Canadian artist Nathan Barato sat down to discuss his dynamic style and dive into the creation of his latest track on Toolroom, “Weapon.”
Nathan Barato’s journey is one of relentless passion and constant evolution, and he stands out as a master of innovation and style. Hailing from Toronto, this DJ and producer has etched a distinctive mark on the scene, skillfully marrying the raw intensity of underground techno with the captivating groove of house music. His dynamic and immersive sets have become a signature, with his productions earning prestigious spots on labels like Hot Creations and Relief Records.
With the release of “Weapon” with Matheo Velez on Toolroom, Nathan Barato takes his artistry to new heights. The track, a compelling blend of rhythm and energy, has quickly garnered acclaim. It also showcases his ability to infuse his tracks with pulsing dance-floor energy and a unique personal touch that sets him apart. “Weapon” is not just a milestone in his career but a showcase of his growing influence and versatility as an artist.
Nathan Barato sat down with us to explore the creative journey behind “Weapon,” reflect on his remarkable path through the electronic music landscape, and glean insights into his vision for the future. Listen to the tune on Spotify or your preferred platform, and read on for the full conversation.
Stream Nathan Barato, Matheo Velez – Weapon on Spotify:
Hello Nathan. Thanks for taking the time to chat. Let’s start off with your latest release. Can you tell us about the inception of “Weapon” and your collaboration with Matheo Velez? What was the creative dynamic like?
Ya, it was a really smooth and easy creative dynamic with Matheo. I started the beat and had an idea for a vocal. I laid the vocal down with a few other elements. Then I felt it was missing something, but I was drawing a blank, so I asked Matheo if he wanted to mess with it. And yeah, he took the track to another level.
How does “Weapon” represent your evolution as an artist, and what makes it stand out in your discography?
I think what comes to mind is that it represents my growth in trying new things. For example, I used my voice more and just continued to aim at the dancefloor head-on.
You’ve circled back to Toolroom with this release after being featured on many of their compilations over the years. Tell us what you love most about the label and how their creative mission aligns with your artistic vision.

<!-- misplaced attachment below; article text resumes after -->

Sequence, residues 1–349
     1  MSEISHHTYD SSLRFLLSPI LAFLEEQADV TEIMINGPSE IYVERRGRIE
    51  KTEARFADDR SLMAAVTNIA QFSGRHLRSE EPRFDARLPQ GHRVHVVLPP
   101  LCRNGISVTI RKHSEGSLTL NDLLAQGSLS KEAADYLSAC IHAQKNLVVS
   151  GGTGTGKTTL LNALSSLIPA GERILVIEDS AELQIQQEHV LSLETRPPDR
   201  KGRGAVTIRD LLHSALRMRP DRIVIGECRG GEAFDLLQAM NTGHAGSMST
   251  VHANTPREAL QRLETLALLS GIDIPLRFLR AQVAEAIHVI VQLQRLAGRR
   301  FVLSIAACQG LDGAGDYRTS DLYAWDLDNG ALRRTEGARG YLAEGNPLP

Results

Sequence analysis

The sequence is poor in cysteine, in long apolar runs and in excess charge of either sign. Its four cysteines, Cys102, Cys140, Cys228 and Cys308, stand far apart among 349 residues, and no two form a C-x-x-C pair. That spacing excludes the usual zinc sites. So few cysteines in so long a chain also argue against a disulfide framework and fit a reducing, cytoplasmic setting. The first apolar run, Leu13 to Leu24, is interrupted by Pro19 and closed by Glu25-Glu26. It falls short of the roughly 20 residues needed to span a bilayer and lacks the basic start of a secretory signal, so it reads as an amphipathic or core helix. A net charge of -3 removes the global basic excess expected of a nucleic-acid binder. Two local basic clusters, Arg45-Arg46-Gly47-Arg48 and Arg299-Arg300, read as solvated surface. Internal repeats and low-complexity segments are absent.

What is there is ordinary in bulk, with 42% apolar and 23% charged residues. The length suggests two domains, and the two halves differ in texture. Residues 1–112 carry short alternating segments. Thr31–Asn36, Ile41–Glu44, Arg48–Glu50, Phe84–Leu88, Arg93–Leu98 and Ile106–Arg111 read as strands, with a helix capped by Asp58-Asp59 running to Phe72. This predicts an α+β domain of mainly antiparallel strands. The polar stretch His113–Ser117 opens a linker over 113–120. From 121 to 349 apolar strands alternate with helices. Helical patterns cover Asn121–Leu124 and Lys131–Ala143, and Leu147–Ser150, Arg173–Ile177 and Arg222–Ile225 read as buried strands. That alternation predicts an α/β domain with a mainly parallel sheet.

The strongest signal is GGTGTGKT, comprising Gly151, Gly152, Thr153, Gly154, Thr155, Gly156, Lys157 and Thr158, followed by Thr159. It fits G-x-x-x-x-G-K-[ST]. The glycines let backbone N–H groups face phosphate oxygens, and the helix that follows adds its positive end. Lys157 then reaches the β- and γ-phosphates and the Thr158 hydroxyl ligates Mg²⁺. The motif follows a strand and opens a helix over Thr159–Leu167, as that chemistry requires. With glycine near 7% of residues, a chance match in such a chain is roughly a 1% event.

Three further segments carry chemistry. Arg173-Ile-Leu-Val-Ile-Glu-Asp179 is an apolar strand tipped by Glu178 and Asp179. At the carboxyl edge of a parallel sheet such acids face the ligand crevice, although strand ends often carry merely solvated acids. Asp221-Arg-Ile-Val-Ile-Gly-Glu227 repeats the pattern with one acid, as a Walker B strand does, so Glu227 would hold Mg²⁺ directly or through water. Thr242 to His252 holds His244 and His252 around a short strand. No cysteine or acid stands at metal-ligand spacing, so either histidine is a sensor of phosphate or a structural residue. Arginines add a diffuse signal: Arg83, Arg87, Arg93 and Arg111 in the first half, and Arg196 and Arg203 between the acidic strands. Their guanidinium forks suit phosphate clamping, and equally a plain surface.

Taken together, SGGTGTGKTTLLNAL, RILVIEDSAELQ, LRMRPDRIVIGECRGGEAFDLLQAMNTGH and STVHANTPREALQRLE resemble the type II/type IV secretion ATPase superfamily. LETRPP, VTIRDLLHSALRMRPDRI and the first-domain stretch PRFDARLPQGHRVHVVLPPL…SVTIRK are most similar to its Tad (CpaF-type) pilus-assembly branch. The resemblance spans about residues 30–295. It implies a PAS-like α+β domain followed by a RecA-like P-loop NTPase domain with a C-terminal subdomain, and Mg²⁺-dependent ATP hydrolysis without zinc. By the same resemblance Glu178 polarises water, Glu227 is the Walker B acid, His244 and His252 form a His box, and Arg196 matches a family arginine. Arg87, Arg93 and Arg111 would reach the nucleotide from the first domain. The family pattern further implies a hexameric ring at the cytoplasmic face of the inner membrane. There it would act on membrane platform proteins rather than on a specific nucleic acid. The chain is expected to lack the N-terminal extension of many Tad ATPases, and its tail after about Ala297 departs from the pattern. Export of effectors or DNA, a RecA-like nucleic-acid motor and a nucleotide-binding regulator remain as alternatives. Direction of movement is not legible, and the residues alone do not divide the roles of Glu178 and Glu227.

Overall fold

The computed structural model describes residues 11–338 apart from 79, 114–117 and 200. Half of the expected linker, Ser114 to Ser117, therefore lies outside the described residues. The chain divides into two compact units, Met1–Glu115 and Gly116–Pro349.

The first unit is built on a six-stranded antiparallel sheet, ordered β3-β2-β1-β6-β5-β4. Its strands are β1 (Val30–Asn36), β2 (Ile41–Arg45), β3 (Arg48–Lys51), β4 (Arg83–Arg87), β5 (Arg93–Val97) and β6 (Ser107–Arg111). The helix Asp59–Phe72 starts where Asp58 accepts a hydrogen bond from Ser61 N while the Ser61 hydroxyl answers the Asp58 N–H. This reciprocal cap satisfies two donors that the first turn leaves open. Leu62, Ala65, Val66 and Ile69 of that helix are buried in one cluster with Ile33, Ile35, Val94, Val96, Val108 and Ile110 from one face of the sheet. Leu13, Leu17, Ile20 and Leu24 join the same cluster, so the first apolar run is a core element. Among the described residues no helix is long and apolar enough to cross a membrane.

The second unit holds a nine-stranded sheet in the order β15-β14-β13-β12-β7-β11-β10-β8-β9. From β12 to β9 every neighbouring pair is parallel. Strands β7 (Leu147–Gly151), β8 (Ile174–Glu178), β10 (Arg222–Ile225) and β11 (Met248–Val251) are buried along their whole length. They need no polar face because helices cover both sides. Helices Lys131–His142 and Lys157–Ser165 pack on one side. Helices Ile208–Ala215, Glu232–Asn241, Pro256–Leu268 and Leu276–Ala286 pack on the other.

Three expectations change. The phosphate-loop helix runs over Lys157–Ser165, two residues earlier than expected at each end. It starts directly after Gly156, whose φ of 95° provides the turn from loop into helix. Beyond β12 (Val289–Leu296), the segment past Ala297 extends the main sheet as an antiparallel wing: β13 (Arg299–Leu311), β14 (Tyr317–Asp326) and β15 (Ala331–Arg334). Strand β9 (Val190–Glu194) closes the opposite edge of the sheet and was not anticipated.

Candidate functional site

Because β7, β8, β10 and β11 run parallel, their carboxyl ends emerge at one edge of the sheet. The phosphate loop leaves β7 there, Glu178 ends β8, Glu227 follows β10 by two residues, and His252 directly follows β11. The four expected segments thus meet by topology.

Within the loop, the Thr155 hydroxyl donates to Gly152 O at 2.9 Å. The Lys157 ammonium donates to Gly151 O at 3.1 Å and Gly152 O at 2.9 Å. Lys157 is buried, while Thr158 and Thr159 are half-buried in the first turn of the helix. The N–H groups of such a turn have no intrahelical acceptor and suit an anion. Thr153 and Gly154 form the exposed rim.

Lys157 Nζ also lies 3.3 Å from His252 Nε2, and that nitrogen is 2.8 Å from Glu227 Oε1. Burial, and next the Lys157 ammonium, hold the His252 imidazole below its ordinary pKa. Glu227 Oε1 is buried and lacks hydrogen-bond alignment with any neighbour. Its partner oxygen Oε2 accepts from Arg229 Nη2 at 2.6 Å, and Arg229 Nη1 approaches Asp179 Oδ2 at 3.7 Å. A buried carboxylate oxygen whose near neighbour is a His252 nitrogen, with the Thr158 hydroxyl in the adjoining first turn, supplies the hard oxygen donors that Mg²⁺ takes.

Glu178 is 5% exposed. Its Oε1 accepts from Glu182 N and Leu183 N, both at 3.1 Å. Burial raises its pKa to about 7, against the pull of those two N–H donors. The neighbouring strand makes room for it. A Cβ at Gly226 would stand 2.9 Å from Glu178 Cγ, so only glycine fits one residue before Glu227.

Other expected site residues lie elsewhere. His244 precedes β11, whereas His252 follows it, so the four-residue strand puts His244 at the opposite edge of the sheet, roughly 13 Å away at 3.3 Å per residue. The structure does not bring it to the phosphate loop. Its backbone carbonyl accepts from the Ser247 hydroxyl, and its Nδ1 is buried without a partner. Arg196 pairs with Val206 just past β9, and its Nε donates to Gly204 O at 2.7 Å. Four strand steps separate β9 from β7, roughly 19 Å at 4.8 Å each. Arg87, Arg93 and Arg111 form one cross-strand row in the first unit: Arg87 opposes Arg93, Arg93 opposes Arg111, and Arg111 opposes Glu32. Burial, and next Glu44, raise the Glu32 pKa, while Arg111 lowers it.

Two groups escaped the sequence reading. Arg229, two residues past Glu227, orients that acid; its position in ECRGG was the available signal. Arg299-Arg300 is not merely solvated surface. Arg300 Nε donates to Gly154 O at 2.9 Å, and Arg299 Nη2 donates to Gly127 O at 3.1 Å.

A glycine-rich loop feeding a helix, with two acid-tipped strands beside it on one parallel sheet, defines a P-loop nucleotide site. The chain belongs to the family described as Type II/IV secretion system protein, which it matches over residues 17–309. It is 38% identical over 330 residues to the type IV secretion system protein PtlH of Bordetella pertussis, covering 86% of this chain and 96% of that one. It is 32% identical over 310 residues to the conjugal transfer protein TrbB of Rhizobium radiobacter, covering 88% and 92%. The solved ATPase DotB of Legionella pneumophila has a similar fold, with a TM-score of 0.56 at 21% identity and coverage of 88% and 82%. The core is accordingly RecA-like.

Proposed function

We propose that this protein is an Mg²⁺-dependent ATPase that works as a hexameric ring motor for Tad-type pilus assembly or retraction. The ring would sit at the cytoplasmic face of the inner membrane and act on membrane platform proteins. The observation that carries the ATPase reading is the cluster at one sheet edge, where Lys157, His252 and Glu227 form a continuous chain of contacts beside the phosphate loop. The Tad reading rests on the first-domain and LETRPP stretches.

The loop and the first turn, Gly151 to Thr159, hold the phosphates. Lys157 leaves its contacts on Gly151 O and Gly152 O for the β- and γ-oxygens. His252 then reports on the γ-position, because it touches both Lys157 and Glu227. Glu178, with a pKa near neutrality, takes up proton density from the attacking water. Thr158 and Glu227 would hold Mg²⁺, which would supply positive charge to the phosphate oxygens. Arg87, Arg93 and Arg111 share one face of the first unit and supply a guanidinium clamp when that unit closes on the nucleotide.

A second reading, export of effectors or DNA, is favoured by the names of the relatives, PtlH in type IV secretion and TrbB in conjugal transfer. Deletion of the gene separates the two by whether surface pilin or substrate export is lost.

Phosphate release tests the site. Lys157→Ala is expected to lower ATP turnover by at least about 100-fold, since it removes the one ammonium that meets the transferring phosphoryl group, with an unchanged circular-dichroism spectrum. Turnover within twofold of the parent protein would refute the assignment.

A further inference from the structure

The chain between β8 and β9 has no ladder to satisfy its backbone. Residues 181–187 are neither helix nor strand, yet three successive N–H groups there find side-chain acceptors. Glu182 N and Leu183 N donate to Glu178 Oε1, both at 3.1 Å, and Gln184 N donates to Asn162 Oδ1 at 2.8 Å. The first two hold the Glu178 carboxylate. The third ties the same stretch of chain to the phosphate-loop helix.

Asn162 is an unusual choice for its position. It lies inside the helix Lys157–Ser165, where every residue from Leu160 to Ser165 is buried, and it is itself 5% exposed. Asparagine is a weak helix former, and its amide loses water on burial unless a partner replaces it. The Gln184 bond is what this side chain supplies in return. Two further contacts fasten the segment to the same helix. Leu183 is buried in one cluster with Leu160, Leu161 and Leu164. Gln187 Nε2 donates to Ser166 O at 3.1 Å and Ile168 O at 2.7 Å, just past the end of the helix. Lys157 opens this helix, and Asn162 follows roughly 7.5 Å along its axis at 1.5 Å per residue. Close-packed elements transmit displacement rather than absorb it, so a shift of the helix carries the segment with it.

Yeah, I’ve had these little runs with Toolroom a bunch over the years, including a remix of Todd Terry that I’m very proud of. Toolroom is an awesome, well-run machine, and they leave a mark on the industry. They are a staple!
Reflecting on your journey from the Toronto underground scene to international acclaim, what have been some of the most defining moments of your career?
There were definitely a lot of moments I could reference, but one that comes to mind now is the time I opened for Marco Carola in Toronto at Footwork. Something weird happened that night; I kind of felt my life change, lol. It was from that night that his crew asked me to join Music On.
How do you see the electronic music scene evolving, and what role do you want to play in its future?
I love that there seems to be so much healthy variety in the scene. There are so many talents in all these different sections of the scene, and so many people interested in these different sounds. I find that really encouraging. For me, I also love to make a lot of different stuff, and that might be confusing for people who follow me, especially new followers. It’s probably not the smartest approach for my career growth, but I can’t regulate my self-expression to one sound, sorry.
What advice would you give upcoming DJs and producers trying to break into the scene in its current era?
There are so many little tips that I could go on and on about. I encourage anyone reading this to DM me, and I can give deeper advice. But for now, I think new producers should focus on a combination of getting your music to a high quality. Get that right; make it your obsession. When you feel confident to show your work, you need to get obsessed with networking. A big thing is to try to find your true self-sound. It will help you stand out because no one can sound like your true you because that’s special.
Finally, if you had to choose a completely different career path unrelated to music, what would it be and why?
There are a few things I’d want to explore: sports media, abstract painting, advertising, the restaurant business… just some ideas that come to mind. Those are all things I find interesting, and I feel I could spend a lot of time on and not get bored.
Thanks again for your time, and congratulations on your new track release. Looking forward to what comes next!
Thanks so much!